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In depth: “UK economy is worse than we thought” 17 October 2011

Ernst & Young’s ITEM club today downgraded its GDP forecast for the year from 1.4 per cent, predicted three months ago, to just 0.9 per cent in today’s research data.

It has also stated that the additional £75 billion quantitative easing (QE) contribution will make very little difference to the UK’s economic situation as a whole.

Peter Spencer, chief economic adviser to Ernst & Young’s ITEM club, said the MPC’s self-imposed interest rate floor of 0.5% will not go far enough to help struggling consumers if inflation rises next year.

He explained: “It would provide a boost to borrowers and potentially help to stimulate consumer spending during the difficult months ahead.”

More red flags

Meanwhile, in Begbies Traynor’s quarterly ‘red flag’ report, travel companies were singled out for having record low cash reserves, supporting an Insolvency News story last month on the burden of ATOL renewals.

Julie Palmer, partner at Begbies Traynor, said the sector will inevitably see further insolvencies as there has been a 49% increase in companies facing ‘critical’ distress in the third quarter of 2011, compared to the same period last year.

She explained: “In the past quarter, sectors reliant on consumer discretionary spending are bearing the brunt of an increase in levels of financial distress.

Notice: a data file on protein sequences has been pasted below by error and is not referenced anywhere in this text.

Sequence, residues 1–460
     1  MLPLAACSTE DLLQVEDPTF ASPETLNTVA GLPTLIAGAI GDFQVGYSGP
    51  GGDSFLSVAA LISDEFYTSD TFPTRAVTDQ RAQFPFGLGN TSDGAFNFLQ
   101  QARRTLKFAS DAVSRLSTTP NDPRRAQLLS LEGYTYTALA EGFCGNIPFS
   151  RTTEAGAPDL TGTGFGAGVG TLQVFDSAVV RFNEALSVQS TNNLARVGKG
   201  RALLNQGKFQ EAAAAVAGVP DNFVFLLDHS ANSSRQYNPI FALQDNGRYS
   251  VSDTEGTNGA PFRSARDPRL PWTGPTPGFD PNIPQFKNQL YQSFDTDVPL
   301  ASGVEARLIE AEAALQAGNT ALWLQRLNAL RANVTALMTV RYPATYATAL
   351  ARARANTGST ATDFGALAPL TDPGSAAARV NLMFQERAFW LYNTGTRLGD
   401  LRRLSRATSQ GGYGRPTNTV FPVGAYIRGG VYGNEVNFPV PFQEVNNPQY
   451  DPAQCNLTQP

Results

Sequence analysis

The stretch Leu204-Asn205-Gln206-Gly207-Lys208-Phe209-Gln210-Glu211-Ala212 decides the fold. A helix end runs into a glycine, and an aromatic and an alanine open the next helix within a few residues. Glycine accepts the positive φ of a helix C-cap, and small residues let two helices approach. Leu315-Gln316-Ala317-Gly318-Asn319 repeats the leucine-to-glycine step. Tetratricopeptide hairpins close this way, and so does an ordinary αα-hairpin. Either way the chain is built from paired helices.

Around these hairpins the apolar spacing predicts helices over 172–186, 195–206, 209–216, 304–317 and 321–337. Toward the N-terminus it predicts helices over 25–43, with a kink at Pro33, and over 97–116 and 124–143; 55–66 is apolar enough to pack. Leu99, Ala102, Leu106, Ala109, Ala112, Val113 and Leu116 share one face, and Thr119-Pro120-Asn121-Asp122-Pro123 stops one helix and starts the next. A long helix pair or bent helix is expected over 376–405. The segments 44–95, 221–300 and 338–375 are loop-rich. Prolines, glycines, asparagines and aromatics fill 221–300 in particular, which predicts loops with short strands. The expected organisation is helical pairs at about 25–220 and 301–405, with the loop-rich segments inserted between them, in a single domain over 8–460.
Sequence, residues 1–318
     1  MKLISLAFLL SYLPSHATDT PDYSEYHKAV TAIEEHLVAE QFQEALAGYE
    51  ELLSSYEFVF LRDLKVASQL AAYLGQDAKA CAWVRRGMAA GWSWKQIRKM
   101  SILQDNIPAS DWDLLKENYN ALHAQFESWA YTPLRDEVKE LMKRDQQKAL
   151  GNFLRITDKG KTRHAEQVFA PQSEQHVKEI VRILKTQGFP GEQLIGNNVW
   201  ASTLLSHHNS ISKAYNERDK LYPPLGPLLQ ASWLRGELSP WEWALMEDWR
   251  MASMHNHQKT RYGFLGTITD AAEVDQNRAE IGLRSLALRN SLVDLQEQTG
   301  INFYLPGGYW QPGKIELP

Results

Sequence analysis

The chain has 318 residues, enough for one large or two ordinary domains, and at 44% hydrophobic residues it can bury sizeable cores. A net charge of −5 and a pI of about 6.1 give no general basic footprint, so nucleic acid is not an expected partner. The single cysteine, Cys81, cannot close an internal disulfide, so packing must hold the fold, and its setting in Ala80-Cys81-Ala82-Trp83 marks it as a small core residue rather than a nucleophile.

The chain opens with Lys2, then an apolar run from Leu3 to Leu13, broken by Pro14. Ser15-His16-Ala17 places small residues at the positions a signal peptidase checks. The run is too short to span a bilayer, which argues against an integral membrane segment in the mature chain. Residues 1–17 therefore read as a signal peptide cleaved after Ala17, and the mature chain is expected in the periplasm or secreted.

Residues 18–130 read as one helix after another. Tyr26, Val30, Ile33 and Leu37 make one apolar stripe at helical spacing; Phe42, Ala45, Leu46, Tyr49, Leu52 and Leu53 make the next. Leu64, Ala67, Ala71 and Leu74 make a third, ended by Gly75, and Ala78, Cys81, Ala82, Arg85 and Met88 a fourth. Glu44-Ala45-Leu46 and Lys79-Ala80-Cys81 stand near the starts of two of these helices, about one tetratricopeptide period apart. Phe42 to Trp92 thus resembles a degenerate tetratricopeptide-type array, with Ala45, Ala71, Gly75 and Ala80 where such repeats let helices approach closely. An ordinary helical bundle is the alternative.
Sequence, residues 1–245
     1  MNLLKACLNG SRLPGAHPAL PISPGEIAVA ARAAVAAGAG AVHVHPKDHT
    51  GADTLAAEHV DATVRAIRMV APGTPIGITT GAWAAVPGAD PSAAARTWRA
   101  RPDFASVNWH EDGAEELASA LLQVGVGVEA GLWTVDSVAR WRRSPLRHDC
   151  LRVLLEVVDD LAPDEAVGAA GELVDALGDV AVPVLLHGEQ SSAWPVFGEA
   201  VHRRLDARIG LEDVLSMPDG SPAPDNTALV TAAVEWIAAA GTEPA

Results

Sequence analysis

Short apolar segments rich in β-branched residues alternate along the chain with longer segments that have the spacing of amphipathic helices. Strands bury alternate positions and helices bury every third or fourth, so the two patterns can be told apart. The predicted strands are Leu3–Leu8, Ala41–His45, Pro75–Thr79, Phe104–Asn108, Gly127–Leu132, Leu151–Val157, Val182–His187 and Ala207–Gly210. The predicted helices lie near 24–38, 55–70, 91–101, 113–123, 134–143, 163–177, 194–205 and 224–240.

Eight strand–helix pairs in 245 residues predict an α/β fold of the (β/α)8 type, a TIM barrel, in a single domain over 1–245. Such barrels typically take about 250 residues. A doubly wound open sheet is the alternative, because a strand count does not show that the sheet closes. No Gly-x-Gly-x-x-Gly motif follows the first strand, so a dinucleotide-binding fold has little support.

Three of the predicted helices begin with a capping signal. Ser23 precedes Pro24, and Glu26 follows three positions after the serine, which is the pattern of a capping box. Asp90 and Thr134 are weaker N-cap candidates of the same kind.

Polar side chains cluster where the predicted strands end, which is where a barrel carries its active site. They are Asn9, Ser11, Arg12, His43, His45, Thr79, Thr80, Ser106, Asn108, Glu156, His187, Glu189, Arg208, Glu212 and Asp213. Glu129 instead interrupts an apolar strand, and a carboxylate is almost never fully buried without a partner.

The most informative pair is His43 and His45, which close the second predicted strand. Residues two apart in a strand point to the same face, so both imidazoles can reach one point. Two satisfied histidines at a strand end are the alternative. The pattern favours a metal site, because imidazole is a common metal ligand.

“This economic malaise is rapidly spreading to other sections, with levels of ‘critical distress rising 41% in the construction sector, 63% in the property sector and 92% in the support services sector.”

Retail woes

Additional data released today from the British Retail Consortium (BRC) showed that even growth in online spending was down in the third quarter of the year, compared to the same quarter in 2010.

Stephen Robertson, director general of the BRC, said: “the BRC’s retail sales monitor shows growth in online spending haws actually slowed to 10 per cent, suggesting extra searches are a symptom of bargain hunting.”

By Joe McGrath

 

 

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